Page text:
13. Climate-Relevant Emissions

The company discloses the GHG emissions in accordance with the Greenhouse Gas (GHG) Protocol or standards based on it and states the goals it has set itself to reduce emissions, as well as its results thus far.

The three most significant emission sources at Hamburg Messe und Congress GmbH (HMC) are (1) heating and cooling the exhibition halls, (2) the supply of electricity to the exhibition halls, the CCH and the administration building, and (3) the mobility of exhibitors, visitors and participants of trade fairs and congresses.

Since 100 % of the electricity consumed by HMC is green electricity from renewable sources, the associated greenhouse gas emissions are low. Compared with the average German electricity mix, this reduces HMC's greenhouse gas emissions by 5,800 metric tonnes of CO2 equivalent annually.

A factor of significant climate relevance, however, is the use of recovered waste heat from the district heating network which is coal-powered. The heat it generates is first supplied to other consumers, then to HMC where it passes through heat exchangers. This form of heating could be described as ‘heat recycling’. It is a good long-term option, especially since the City of Hamburg owns the district heating network and is planning to substitute the legacy high-greenhouse gas incineration stations with regenerative energy sources.

Quantifying emissions from event-related transport is a challenging task. Since it can only be approximated based on random surveys, it is impossible to provide more than estimates of these emissions.

In 2020, HMC prepared an event-independent CO2 balance sheet for the year 2019, supported by an external consultant. This CO2 footprint is based on data covering facility management, employee mobility, business trips, procurement, and company logistics pursuant to the generally accepted GHG Protocol (Scope 1-3). This data has enabled HMC to identify significant emission reduction potential. The largest emission source is externally-generated heat (37.9%). The second most significant item is emissions from the heating and cooling supply chain (18.2%). Third in line is the electricity supply chain, at 13.7 %.  A CO2 compensation scheme cannot be proposed feasibly in the current pandemic-induced economic situation. The pilot project further indicated that the data collection procedure as well as data quality need to be improved to achieve a more precise result. A calculation of the "footprint" for 2020 and 2021 is not carried out, as the volume of emissions was strongly influenced by the pandemic. The calculation of the carbon footprint is planned next for 2022. HMC intends to collect additional data needed for the CO2 balance sheet in connection with events in the longer term.

In its Climate Protection Master Plan, the Hamburg Senate has proclaimed its target to reduce CO2 emissions by at least 95% by the year 2050 compared to 1990 levels. As an intermediate goal, the measures detailed in the 2030 Action Plan intend to reduce CO2 emissions by 55% by 2030. Hamburg's public sector organisations are expected to achieve climate neutrality by 2040.

Progress towards the FHH climate targets are tracked continuously, and it is intended to make a positive contribution to the reduction of noxious emissions. The Executive Board and the Sustainability Officer are continuously monitoring the ongoing measures taken to reduce greenhouse gas emissions.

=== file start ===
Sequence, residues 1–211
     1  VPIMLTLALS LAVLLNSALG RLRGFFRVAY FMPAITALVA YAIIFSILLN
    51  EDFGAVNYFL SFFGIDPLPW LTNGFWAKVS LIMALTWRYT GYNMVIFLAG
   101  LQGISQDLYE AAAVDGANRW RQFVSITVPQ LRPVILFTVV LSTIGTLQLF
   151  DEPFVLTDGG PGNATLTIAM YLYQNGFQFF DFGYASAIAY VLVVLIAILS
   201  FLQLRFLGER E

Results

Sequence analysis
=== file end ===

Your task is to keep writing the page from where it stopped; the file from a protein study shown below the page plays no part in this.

To achieve the climate protection goals set by the Hamburg Senate for 2030 (intermediate goal), the Industrial Transformation Pathway outlined in the Climate Plan calls for a combined CO2 emission reduction from Hamburg's entire business sector by 5.5m tonnes compared to 1990 levels.

Under the Climate Partner Agreement (since 2018), HMC and 15 other public-sector companies have agreed to adopt a first-mover role by committing to reducing their CO2 emissions by 140,000 tonnes annually. The baseline year for greenhouse gas emissions as documented in the Agreement is 2012. Additional initiatives towards increasing HMC's contribution to emission reduction include HMC's commitment as an Eco-Partner (UmweltPartner) of the City of Hamburg, and its membership in the Air-Quality Partnership.

What is more, HMC invests in technology enabling significant CO2 reductions on a regular basis, including:
© Hamburg Messe und Congress

Future CO2 balance sheets will provide further input supporting HMC's efforts to monitor its climate-relevant data.

Future emission reductions will strongly focus on the emission sources described above. Since the composition of both, the electricity supply and the district heating are dictated by the shareholder, HMC sees its primary responsibility in optimising the efficiency of its energy consumption.

A good example for further emission reductions is the cooperation with the logistics provider Pakadoo, an HMC contractor since 2018. Pakadoo allows HMC employees to have their personal online orders shipped directly to the place of employment. This ensures that deliveries will never be missed and the number of failed delivery attempts is minimised. The collaboration with Pakadoo has avoided approximately 1.67 tonnes of CO2 emissions in 2020. This figure encompasses 1,802 individual packet deliveries, with one packet assumed to avoid 924 grams of CO2 emissions. This is an innovative way to reduce traffic in cities while protecting the climate.

Further major measures taken to reduce climate-related emissions include:
Also refer to: Our Contribution to The United Nations’ 17 Sustainable Development Goals